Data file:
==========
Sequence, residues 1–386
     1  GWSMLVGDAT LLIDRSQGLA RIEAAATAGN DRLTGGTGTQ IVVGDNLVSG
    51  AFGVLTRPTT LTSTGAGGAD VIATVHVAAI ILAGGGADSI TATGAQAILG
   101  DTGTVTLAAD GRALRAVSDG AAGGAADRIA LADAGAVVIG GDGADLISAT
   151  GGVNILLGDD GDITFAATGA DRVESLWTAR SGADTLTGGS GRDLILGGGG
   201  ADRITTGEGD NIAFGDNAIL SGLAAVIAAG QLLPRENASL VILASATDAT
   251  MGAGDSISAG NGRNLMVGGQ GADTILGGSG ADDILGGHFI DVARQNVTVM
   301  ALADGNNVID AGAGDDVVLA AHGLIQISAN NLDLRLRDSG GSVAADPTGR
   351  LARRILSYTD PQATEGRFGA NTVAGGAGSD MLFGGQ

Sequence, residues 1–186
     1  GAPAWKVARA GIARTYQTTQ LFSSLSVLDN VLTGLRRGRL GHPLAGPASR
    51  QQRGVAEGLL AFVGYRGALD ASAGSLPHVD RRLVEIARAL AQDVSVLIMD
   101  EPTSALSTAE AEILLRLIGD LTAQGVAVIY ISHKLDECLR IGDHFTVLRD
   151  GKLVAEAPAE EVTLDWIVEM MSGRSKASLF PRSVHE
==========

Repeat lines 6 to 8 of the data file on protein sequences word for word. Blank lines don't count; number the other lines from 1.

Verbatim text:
   201  ADRITTGEGD NIAFGDNAIL SGLAAVIAAG QLLPRENASL VILASATDAT
   251  MGAGDSISAG NGRNLMVGGQ GADTILGGSG ADDILGGHFI DVARQNVTVM
   301  ALADGNNVID AGAGDDVVLA AHGLIQISAN NLDLRLRDSG GSVAADPTGR